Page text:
Benton ET AL v. Labels Direct, Inc.

Filing 46

MEMORANDUM AND ORDER - IT IS HEREBY ORDERED that Plaintiff's "Motion for Sanctions and Certificate of Attempt to Resolve" 14 is DENIED. Signed by District Judge E. Richard Webber on September 3, 2014. (MCB)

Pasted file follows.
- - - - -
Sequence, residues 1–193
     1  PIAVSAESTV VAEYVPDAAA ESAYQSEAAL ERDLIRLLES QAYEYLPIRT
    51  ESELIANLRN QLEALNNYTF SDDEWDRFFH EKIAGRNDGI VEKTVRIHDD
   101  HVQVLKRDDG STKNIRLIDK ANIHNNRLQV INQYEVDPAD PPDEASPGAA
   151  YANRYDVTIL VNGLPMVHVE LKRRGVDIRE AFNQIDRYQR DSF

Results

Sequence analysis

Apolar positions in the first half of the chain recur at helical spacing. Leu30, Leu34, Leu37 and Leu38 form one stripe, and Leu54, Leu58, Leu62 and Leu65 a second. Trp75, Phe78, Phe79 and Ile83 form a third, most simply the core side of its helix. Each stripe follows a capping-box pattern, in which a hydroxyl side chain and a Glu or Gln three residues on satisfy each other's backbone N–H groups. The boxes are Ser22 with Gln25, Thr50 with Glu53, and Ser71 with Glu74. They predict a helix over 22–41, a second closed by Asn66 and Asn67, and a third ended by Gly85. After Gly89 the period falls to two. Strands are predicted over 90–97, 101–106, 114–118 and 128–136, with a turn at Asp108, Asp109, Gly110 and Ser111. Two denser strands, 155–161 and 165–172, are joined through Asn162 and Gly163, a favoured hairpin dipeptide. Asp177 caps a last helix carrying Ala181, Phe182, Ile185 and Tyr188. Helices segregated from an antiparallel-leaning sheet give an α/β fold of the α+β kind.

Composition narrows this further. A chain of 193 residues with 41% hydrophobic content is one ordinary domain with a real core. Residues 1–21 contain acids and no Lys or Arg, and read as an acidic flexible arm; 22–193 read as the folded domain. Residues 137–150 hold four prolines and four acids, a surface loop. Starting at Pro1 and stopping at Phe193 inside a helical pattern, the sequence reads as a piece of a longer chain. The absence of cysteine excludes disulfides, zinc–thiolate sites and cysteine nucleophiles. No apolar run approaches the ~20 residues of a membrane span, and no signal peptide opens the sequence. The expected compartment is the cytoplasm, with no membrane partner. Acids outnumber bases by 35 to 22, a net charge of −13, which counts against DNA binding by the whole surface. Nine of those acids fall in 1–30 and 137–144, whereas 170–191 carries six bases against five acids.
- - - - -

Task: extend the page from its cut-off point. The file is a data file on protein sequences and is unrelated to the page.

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UNITED STATES DISTRICT COURT EASTERN DISTRICT OF MISSOURI EASTERN DIVISION JOHNNIE BENTON, et al., Plaintiffs, vs. LABELS DIRECT, INC., et al., Defendants. ) ) ) ) ) ) ) ) ) ) Case No. 4:14CV01293 ERW MEMORANDUM AND ORDER This matter comes before the Court on Plaintiffs Johnnie Benton’s and Sean Marre’s (“Plaintiffs”) “Motion for Sanctions and Certificate of Attempt to Resolve” [ECF No. 14]. I. BACKGROUND On March 3, 2014, Plaintiffs, individually, and as representatives of a class of similarly situated persons, filed a First Amended Petition in the Circuit Court of the County of St. Louis, alleging Defendant Labels Direct, Inc., (“Labels Direct”) violated the Missouri Minimum Wage Law, Missouri Revised Statutes §§ 290.1010 et seq. [ECF No. 11]. On July 22, 2014, Defendant Labels Direct, Inc. (“Labels Direct’) filed a Notice of Removal, on grounds of federal question jurisdiction, because Plaintiffs’ unruled state “Motion for Class Certification” [ECF No. 16] alleged they and the purported class had been harmed by Labels Direct’s violation of 29 C.F.R. § 785.18 [ECF Nos. 1, 7, 16, 16-1]. Thus, Labels Direct asserted this Court has original jurisdiction over this matter because it arises under the Federal Fair Labor Standards Act (“FLSA”), 29 U.S.C. § 201, et seq. 1 Plaintiffs filed their “Motion for Sanctions and Certificate of Attempt to Resolve” on July 23, 2014 [ECF No. 14]. Thereafter, the Court granted Plaintiffs leave to file their Fourth Amended Complaint, and to add Labels Direct’s President Christopher Budde (“Budde”), and Vice-President Kimberly Chaney (“Chaney”), as defendants [ECF Nos. 28, 31, 33]. Plaintiffs Fourth Amended Complaint specifically asserts claims under the FLSA, alleging two categories of overtime violations: 1) failure to pay for 15-minute rest periods taken twice each day; and 2) failure to pay wages for time worked after the scheduled end of a shift, and for time spent attending meetings. Labels Direct, Chaney, and Budde filed their separate Answers to Plaintiffs’ Fourth Amended Complaint on August 22, 2014 [ECF Nos. 38, 39, 40]. II. LEGAL STANDARD “In order to impose sanctions under Rule 37, there must be an order compelling discovery, a willful violation of that order, and prejudice to the other party.” Chrysler Corp. v. Carey, 186 F.3d 1016, 1019 (8th Cir. 1999). Striking a party’s pleadings, entering a default judgment, and dismissing a lawsuit are remedies within the Court’s power to address conduct that abuses the judicial process. Id. at 1022. Due to a strong policy favoring deciding a case on the merits and against depriving parties of their opportunity to be heard, such drastic sanctions are closely reviewed. Id. at 1020. “While there is no requirement for an evidentiary hearing prior to the imposition of sanctions, the power of the district court is limited by the due process clause of the Fifth Amendment.” Id. at 1022. III. DISCUSSION In their Motion for Sanctions, Plaintiffs assert that Interrogatories served to Labels Direct on March 20, 2014, included the following request, contained in Interrogatory No. 3: 2 Please state whether or not there is any policy or agreement under which any person engaged in an insurance business or similar business may be liable to satisfy part or all of any judgment which may be entered against this Defendant, or to reimburse the Defendant for payments made to satisfy any such judgment, or to provide any defense for Defendant in his action, and with respect to any such policy or agreement, please identify the insurance company, the policy number, the effective dates and the limits of liability. [ECF No. 14 at 1]. Plaintiffs further assert Labels Direct served answers and objections to their Interrogatories, and its response to No. 3 stated: Labels Direct objects to Interrogatory No. 3 to the extent it seeks information beyond that permitted under Rule 56.01(b)(2). Labels Direct further objects to Interrogatory No. 3 as vague, ambiguous, and unclear as to the meaning of the phrase “similar business.” Subject to and without waiving any of its objections, Labels Direct states that, pursuant to Rule 57.01(c), Labels Direct will produce its insurance policy that provides information responsive to Interrogatory No. 3. [ECF No. 14 at 2]. Plaintiffs state the parties have engaged in several consultations and discussions, including an April 30, 2014 telephone conversation, in which Labels Direct assured Plaintiffs that the insurance information “would be provided directly” [ECF No. 14 at 2]. Plaintiffs certify that, in addition to the April 30, 2014 call, they have communicated with Labels Direct, in an effort to resolve this discovery dispute, by letters dated April 24 and 30, 2014, and by email dated June 23, 2014. They claim that, although more than sixty days have passed since the April 30 conversation, Labels Direct has not produced any insurance information. Plaintiffs ask the Court to enter an Order striking Labels Direct’s pleadings, and granting default judgment against Labels Direct and in favor of Plaintiffs. In its Opposition to Plaintiffs’ Motion for Sanctions, Labels Direct claims it has fully complied with its discovery obligations [ECF No. 29]. Labels Direct contends Plaintiffs seek an order of default judgment against it for refusing to produce a copy of an insurance policy that is 3 beyond the scope of discovery, and argues: “Plaintiffs have failed to articulate how their overly broad and burdensome request for disclosure of an insurance policy that does not provide coverage for liability in this matter has any relevance or is reasonably calculated to lead to the discovery of admissible evidence” [ECF No. 29 at 1]. Labels Direct states it retained new counsel in June 2014, and says, on July 22, 2014, it served a supplemental response to Interrogatory No. 3 that informed Plaintiffs: [T]here is no policy or agreement providing liability coverage or coverage for any judgment which may be entered against Labels Direct. Labels Direct has an insurance policy providing coverage for the costs of defense. But to the extent this Interrogatory seeks information regarding cost-of-defense insurance coverage, such information is beyond that permitted under Rule 56.01(b)(2). [ECF No. 29 at 2-3]. Labels Direct further claims it called Plaintiffs on July 29, 2014, to discuss this pending Motion for Sanctions, and Plaintiffs informed it they still intended to pursue their motion, because they believed they were entitled to review Labels Direct’s cost-of-defense policy. Labels Direct asserts it asked Plaintiffs to provide a legal basis that would require it to disclose this policy, but Plaintiffs have not done so. Labels Direct contends sanctions are not appropriate, because there has been no willful violation of an order compelling discovery; Labels Direct has not impeded discovery, engaged in discovery abuse, or exhibited bad faith; and Plaintiffs do not claim any real prejudice resulting from Labels Direct’s interrogatory answers. In their Reply, Plaintiffs state Labels Direct served its supplemental response, asserting that its insurance policy only provides cost-of-defense coverage, on the same date Labels Direct removed this action to this Court [ECF No. 34]. Plaintiffs contend it is too late for Labels Direct to object to Interrogatory No. 3, and to take the position that it need not produce its insurance policy. Plaintiffs also assert that Labels Direct has waived its claim that the insurance policy 4 need not be produced. Plaintiffs argue Labels Direct’s current objection is inconsistent with its initial response; Plaintiffs should be allowed to investigate the policy; and Labels Direct has not attempted to show how production of the insurance information would create any hardship, burden, or prejudice. Nevertheless, Plaintiffs concede that, before severe sanctions may be imposed, Federal Rule of Civil Procedure 37 requires “a progressive series of events, starting with a court order followed by another order or warning[,]” and “there should be a hearing to allow the offending party to demonstrate good faith before ha[r]sh penalties are imposed” [ECF No. 34 at 5]. Labels Direct’s initial response to Interrogatory No. 3 was served on Plaintiffs prior to removal of the action to this Court, and thus was subject to Missouri’s discovery rules. Missouri’s general provisions governing discovery are set forth in Missouri Rule of Civil Procedure 56.01. Rule 56.01 provides for the disclosure of insurance agreements “under which any person carrying on an insurance business may be liable to satisfy part or all of a judgment that may be entered in the action or to indemnify or reimburse for payments made to satisfy the judgment.” Mo. R. Civ. P. 56.01(b)(2). Disclosure of a cost-of-defense policy would not be required under Missouri’s Rule 56.01(b)(2). Labels Direct’s supplemental response to Interrogatory No. 3 was served on Plaintiffs when the action was removed to this Court, on July 22, 2014. Federal Rule of Civil Procedure 26 sets forth general provisions governing discovery in federal courts. Rule 26 identifies several categories of information that parties must, without awaiting a discovery request, produce to other parties. Fed. R. Civ. P. 26(a)(1)(A). Among other required initial disclosures, the parties must provide “for inspection and copying as under Federal Rule of Civil Procedure 34, any 5 insurance agreement under which an insurance business may be liable to satisfy all or part of a possible judgment in the action or to indemnify or reimburse for payments made to satisfy the judgment.” Fed. R. Civ. P. 26(a)(1)(A)(iv). Thus, disclosure of a cost-of-defense policy is not required under Rule 26. The existence of such insurance coverage generally is not admissible at trial, but could be discoverable, if it were relevant to Plaintiffs’ claim, or reasonably calculated to lead to the discovery of admissible evidence. Fed R. Civ. P. 26(b)(1). Rule 26 also requires parties who have responded to interrogatories to supplement a response “in a timely matter if the party learns that in some material respect the disclosure or response is incomplete or incorrect[.]” Fed. R. Civ. P. 26(e)(1)(A). At first glance, Labels Direct’s supplemental response to Interrogatory No. 3 could appear to be inconsistent with the part of Labels Direct’s initial response that stated it would “produce its insurance policy that provides information responsive to Interrogatory No. 3[,]” and with its former counsel’s assurances that insurance information would be provided. However, consideration of the interrogatory and responses in toto reveals the responses do not contradict each other. In its initial response, Labels Direct first objected to the interrogatory, as being, among other things, outside the scope of Missouri’s Rule 56.01(b)(2). Then, in its supplemental response, Labels Direct told Plaintiffs it had no policy providing coverage for liability in this matter, and, although it informed Plaintiffs it did have a cost-of-defense policy, Labels Direct opined the policy was beyond the scope of discovery. The Court finds a cost-of-defense only policy is not an insurance policy providing information responsive to Interrogatory No. 3, and thus production of such a policy agreement is not required by the parties’ Interrogatory No. 3 requests and responses. The Court further finds that the contents of a cost-of-defense only policy 6 would not be relevant to Plaintiffs’ claims, or be reasonably calculated to lead to discovery of admissible evidence. The Court is not persuaded by Plaintiffs’ waiver argument, as Labels Direct expressly stated its initial response was not waiving its objection to the interrogatory request. Consequently, the Court finds sanctions are not warranted in this matter. Labels Direct’s initial and supplemental responses to Interrogatory No. 3 comply with its discovery obligations; there has been no violation of an order compelling discovery, or other discovery abuse; and Plaintiffs have not shown prejudice resulting from the answers. The Court will deny Plaintiffs’ Motion for Sanctions. Accordingly, IT IS HEREBY ORDERED that Plaintiffs’ “Motion for Sanctions and Certificate of Attempt to Resolve” [ECF No. 14], is DENIED. So Ordered this 3rd day of September, 2014. E. RICHARD WEBBER SENIOR UNITED STATES DISTRICT JUDGE 7